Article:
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mTORC1 tips the scales in Huntington’s disease mice

What happens when you have a broken part in a machine? You fix it! A new study shows that increasing the activity a critical piece of machinery called ‘mTORC1’ in a mouse model of Huntington’s disease leads to improved motor problems and brain abnormalities associated with the disease. These recently published findings may offer scientists a new target for therapeutic development in HD.

In search of new targets

Everyone has two copies of a gene that scientists call “Huntingtin” and people with Huntington’s Disease have inherited (at least) one mutant copy of this gene from either their mom or dad. The gene itself is not thought to be harmful, but rather what cells do with it. In general, cells use genes as instructions to guide the construction of little machines called proteins.

Like the gene, the protein made from it is called “Huntingtin”, which can be a bit confusing. The mutant huntingtin protein builds up over time and especially damages a brain region called the striatum. Inside the cells of this important brain region, the mutant huntingtin protein can interfere with many other bits of important machinery that influence how a cell grows and survives.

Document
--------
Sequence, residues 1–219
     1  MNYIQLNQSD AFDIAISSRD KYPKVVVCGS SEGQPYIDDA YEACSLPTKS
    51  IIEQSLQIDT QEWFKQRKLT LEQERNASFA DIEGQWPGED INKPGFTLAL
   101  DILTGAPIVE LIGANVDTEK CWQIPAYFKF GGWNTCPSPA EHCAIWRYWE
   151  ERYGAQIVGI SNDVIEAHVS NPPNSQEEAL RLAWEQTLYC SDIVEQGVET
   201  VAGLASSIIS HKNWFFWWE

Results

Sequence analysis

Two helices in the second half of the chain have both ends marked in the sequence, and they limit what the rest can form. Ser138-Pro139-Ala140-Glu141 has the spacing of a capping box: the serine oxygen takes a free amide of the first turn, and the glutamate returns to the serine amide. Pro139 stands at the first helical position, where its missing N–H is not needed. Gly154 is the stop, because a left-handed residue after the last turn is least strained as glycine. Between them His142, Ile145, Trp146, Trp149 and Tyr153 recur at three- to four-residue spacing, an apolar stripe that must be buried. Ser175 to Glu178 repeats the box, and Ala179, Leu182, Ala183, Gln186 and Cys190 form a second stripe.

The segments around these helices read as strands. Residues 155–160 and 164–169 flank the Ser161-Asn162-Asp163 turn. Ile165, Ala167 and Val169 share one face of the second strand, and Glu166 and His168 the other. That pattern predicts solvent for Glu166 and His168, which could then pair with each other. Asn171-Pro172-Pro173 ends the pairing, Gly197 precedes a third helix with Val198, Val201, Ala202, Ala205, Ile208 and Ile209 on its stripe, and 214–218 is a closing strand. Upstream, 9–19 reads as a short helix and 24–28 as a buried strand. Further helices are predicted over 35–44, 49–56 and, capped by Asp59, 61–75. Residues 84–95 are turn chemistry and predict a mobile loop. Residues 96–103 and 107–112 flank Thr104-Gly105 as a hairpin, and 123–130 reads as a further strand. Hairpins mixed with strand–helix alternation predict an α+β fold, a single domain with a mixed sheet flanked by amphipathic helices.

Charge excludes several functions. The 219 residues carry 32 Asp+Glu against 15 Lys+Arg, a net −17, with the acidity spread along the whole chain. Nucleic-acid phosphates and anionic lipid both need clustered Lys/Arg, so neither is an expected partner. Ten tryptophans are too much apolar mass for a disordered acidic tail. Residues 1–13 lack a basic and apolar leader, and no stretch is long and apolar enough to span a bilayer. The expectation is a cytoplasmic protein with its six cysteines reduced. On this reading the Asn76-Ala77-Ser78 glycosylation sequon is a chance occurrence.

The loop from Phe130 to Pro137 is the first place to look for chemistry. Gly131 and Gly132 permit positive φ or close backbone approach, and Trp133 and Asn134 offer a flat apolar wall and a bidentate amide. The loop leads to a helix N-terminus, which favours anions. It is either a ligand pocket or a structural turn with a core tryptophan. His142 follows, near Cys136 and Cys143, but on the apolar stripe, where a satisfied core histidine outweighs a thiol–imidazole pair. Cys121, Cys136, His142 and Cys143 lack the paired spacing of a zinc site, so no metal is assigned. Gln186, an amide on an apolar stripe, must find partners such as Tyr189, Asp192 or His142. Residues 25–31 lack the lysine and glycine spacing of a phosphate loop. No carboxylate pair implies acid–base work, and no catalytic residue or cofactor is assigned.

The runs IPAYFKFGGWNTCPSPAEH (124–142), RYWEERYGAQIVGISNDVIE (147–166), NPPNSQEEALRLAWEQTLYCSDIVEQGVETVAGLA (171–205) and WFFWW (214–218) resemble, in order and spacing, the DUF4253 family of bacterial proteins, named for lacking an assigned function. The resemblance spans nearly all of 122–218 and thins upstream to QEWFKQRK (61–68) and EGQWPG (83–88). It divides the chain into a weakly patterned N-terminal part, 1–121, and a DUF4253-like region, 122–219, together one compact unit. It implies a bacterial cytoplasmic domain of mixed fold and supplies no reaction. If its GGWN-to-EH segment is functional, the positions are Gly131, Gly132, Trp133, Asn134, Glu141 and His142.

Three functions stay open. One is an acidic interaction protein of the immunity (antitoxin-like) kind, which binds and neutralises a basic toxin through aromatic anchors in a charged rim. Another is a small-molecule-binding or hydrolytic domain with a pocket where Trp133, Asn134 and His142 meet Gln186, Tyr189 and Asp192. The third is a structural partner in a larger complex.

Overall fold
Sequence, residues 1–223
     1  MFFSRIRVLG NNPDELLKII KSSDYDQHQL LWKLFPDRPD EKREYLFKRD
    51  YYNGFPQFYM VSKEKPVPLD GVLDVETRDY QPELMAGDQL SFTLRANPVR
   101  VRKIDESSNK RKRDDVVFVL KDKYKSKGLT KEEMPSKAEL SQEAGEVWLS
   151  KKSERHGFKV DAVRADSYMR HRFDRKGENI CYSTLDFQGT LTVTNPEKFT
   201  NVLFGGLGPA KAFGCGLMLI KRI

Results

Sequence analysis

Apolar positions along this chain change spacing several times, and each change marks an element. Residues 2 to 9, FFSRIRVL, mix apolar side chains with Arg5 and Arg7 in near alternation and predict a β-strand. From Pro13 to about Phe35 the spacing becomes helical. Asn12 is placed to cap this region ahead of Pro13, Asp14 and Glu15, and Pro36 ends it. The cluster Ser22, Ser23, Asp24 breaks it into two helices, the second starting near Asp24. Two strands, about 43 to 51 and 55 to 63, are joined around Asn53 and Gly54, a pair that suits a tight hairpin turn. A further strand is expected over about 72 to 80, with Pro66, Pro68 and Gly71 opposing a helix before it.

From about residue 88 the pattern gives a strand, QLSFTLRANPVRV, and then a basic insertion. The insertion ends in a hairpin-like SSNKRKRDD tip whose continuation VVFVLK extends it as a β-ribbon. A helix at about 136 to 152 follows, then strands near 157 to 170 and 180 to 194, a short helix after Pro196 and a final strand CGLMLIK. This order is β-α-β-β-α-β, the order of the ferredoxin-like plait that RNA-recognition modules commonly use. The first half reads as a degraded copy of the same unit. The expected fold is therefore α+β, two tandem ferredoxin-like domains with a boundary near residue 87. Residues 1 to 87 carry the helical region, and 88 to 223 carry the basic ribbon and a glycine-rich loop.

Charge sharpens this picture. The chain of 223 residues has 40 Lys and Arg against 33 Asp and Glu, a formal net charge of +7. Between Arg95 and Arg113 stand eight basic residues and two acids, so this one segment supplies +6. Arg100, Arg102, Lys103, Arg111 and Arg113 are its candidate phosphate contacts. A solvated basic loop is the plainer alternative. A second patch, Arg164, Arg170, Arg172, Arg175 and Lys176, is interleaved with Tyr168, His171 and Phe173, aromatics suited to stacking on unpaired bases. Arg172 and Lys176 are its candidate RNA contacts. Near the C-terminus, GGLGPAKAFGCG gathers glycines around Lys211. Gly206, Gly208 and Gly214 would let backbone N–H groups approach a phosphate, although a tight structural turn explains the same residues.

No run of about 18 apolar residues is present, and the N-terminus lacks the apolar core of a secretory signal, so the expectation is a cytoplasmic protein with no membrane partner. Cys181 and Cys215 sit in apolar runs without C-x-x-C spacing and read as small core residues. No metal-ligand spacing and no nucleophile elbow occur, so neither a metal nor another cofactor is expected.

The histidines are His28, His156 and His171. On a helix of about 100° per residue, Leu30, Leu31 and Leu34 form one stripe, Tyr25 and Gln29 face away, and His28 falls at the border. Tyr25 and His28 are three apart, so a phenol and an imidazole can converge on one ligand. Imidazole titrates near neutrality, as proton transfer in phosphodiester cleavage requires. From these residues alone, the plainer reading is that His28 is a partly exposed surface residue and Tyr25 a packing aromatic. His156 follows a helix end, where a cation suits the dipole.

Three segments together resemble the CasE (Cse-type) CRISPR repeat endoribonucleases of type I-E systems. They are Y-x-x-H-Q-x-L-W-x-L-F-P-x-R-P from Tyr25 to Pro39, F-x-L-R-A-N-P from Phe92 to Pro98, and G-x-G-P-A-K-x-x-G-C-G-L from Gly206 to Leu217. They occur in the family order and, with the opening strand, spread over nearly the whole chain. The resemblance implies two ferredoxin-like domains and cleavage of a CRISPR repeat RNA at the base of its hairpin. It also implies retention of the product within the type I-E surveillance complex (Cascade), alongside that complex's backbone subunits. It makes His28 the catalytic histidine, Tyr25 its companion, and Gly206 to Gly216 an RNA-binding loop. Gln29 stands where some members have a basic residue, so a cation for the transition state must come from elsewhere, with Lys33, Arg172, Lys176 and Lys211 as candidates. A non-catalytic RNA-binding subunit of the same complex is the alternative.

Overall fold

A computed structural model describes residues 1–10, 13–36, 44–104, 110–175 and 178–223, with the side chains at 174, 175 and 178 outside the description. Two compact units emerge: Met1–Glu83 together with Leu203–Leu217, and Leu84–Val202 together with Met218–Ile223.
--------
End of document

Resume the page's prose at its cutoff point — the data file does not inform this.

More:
Malfunctions in the work of these little machines caused by mutant huntingtin is thought to underlie the disease. Because of this, many researchers focus their studies on finding the broken cogwheels in cells with mutant Huntingtin around. What changes can be observed when mutant huntington is present? If we fix those changes, does it lead to improvements in HD symptoms?

One of these targets was recently investigated by a team of scientists led by Dr. Beverley Davidson at the University of Iowa. The group’s research focused on a little machine called ‘mammalian target of rapamycin complex 1’ or mTORC1.

mTORC-What?

Now what exactly is this mTORC1? In order for cells to grow, divide, and survive, they must ensure that they carefully use their resources in the right way. If there’s lots of food around, the cells can happily spend energy. On the other hand, in times when resources are scarce, cells need to be much more conservative and save their energy.

This balance between using and conserving resources is where mTORC1 comes in. It sits in the middle of an elaborate set of machinery present in every cell, constantly ensuring that the amount of energy used is matched to the amount of energy coming in. In a way, the machinery controlled by mTORC1 is sort of like the cell’s banker, making sure that the books are balanced.

A broken machine

Previous work by other scientists had implicated changes in this energy balancing pathway in HD. To get more information about why this was happening, Davidson’s team first looked at the brains of HD patients and mouse models of the disease. They found evidence that the activity of the network controlled by mTORC1 was strongly reduced in the vulnerable parts of the brain in HD.